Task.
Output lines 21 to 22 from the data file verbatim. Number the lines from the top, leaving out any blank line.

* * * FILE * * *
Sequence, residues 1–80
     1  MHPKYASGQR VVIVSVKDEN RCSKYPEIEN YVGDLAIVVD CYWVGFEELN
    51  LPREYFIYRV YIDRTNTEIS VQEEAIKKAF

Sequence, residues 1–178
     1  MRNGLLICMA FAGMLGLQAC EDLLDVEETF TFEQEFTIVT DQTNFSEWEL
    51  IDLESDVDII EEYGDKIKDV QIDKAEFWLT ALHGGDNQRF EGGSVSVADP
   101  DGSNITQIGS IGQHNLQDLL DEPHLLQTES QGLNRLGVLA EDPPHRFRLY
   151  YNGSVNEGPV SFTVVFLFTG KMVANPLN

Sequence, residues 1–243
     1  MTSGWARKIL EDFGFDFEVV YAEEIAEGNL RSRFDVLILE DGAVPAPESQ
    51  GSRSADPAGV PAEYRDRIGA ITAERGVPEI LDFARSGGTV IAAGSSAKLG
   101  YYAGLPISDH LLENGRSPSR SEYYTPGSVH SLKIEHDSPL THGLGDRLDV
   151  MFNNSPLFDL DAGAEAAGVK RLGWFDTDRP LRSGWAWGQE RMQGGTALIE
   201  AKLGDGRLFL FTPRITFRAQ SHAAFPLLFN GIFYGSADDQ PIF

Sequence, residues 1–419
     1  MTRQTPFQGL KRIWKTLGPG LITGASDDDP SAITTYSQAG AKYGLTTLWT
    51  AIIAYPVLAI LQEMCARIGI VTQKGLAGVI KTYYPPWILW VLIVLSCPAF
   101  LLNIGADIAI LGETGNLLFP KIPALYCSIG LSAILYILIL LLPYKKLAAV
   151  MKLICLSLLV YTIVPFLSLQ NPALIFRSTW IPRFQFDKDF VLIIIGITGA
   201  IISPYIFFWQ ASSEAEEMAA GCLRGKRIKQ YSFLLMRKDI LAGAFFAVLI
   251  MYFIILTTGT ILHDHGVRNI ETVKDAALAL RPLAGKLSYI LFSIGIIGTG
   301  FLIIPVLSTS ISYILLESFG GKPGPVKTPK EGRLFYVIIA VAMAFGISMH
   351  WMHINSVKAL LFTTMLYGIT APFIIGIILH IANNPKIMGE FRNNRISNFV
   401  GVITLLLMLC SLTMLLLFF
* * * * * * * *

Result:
   251  MYFIILTTGT ILHDHGVRNI ETVKDAALAL RPLAGKLSYI LFSIGIIGTG
   301  FLIIPVLSTS ISYILLESFG GKPGPVKTPK EGRLFYVIIA VAMAFGISMH